Aston Martin boss gives one-word response to Adrian Newey ‘big-money’ offer report

Jamie Woodhouse
Red Bull chief technical officer Adrian Newey.

Adrian Newey was the reported subject of an approach from Aston Martin in Jeddah.

It would appear Red Bull can rest a little easier on any Adrian Newey concerns, their design chief having been linked with a sensational move to rivals Aston Martin.

Formula 1’s dominant force Red Bull has understandably been a common target for the ambitious Aston Martin team in recent years when it comes to poaching key staff members, such as Dan Follows, Red Bull’s former aerodynamics boss who is now technical director at the Silverstone-based outfit.

Adrian Newey to Aston Martin off the table?

The Fallows deal was quickly followed by the acquisition of designer Andrew Alessi, who left Red Bull to become Aston Martin’s head of technical operations, and a recent report suggested that Aston Martin team owner Lawrence Stroll was chasing their biggest snare from the Red Bull ranks yet in the form of Newey.

Stroll had allegedly approached Newey at the Saudi Arabian Grand Prix to table a “big-money” offer in an effort to lure him to Aston Martin, Red Bull having become the clear standard of F1’s ground effect era under Newey’s lead.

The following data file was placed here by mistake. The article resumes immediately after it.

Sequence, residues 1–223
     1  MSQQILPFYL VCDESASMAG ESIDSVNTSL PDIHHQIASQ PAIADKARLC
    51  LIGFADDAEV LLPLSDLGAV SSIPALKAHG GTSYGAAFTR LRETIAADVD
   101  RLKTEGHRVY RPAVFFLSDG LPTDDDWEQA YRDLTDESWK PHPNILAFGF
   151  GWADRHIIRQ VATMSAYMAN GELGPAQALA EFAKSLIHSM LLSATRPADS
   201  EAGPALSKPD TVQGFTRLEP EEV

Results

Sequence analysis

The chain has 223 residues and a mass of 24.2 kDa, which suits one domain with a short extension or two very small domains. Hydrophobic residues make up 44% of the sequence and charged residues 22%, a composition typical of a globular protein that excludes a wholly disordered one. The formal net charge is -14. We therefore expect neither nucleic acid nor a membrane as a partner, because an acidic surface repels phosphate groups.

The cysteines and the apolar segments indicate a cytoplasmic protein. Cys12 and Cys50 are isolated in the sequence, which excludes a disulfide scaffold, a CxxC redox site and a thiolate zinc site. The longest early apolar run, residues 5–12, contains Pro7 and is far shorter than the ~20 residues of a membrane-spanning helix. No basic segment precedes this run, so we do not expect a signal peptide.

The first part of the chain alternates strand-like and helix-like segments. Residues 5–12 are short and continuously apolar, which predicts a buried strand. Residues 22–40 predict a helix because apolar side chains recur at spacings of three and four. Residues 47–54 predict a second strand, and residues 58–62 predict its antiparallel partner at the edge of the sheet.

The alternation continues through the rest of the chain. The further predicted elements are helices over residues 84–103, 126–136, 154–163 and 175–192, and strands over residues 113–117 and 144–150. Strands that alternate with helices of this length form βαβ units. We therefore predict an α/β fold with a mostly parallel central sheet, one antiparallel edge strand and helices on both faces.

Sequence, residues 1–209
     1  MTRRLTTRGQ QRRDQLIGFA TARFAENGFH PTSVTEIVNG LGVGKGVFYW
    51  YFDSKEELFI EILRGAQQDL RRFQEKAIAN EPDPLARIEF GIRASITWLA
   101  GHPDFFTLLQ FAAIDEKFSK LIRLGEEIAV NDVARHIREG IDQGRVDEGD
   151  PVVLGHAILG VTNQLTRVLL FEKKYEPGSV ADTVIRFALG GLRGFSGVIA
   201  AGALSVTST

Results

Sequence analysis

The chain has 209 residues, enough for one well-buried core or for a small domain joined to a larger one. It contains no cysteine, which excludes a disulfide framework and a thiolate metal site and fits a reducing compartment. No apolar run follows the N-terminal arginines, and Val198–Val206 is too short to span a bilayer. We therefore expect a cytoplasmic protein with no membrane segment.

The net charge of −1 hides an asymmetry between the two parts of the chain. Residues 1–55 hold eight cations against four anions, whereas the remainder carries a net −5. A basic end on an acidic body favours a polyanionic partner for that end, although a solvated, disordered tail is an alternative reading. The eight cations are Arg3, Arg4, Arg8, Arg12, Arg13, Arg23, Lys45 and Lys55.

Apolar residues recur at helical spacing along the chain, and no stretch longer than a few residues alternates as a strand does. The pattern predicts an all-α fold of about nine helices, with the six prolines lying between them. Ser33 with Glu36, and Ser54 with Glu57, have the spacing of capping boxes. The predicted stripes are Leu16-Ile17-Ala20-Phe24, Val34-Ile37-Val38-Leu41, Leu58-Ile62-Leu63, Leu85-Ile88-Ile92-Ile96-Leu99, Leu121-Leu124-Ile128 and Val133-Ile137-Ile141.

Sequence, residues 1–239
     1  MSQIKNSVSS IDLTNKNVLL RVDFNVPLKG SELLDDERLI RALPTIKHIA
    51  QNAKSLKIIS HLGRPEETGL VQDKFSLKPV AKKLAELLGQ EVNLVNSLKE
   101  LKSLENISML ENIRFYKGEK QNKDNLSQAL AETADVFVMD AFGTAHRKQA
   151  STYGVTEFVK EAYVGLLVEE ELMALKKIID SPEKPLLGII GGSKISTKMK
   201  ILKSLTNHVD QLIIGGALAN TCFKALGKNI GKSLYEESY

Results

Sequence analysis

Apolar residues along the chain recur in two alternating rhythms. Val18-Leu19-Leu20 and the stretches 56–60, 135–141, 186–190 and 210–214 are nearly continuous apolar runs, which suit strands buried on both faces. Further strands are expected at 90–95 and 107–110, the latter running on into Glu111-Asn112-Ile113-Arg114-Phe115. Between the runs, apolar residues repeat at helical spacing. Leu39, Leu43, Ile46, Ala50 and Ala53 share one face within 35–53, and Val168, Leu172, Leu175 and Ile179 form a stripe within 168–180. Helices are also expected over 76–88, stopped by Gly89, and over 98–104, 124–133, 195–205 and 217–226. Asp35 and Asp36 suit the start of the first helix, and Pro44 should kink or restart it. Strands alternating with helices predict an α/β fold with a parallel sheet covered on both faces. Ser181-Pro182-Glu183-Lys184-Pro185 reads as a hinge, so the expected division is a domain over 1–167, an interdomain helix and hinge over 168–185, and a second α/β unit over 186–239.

From 2026, meanwhile, Aston Martin will take over use of the Honda power unit as the Japanese manufacturer’s ultra-successful Red Bull alliance comes to an end.

However, Aston Martin team principal Mike Krack was in no mood to entertain the rumours when speaking to Sky F1 after FP2 at the Japanese Grand Prix, as he moved to shut down the prospect of Newey to Aston Martin.

Asked if there was any truth to Aston Martin’s alleged Newey approach, Krack simply replied: “No.” recommends

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Pushed to expand on this very brief response, Krack obliged with: “We have a very strong technical team with Dan, with Tom [McCullough, performance director], with Luca [Furbatto, engineering director], we were joined lately by Bob Bell [executive director].

“So, we’re quite happy with what we have at the moment.”

The Red Bull influence has not only been felt in Aston Martin’s personnel over recent years, but also when it comes to their cars, which have often drawn similarities to Red Bull’s approach in the ground effect era.

This has continued with Aston Martin’s upgraded AMR24 for the Japanese Grand Prix, which features revised sidepods.

1996 World Champion Damon Hill described the upgraded AMR24 to Krack as “uncannily similar again to Red Bull’s progress as well”, with Red Bull having also rolled out an upgraded RB20 at Suzuka, though Krack believes there is a general trend of conversion under the stable regulations, rather than Aston Martin specifically “chasing their every move” as Hill put it.

“I think when you have the regulations the way they are and they are consistent over the years, I think you will see a general trend of convergence between the cars,” Krack said.

“And you see it with all the cars. They are all converging to a similar philosophy. So I don’t think that there is anything special on ours compared to others, to be honest.”

Aston Martin are still searching for their first podium finish of F1 2024, having scored eight top-three results with Fernando Alonso last season.

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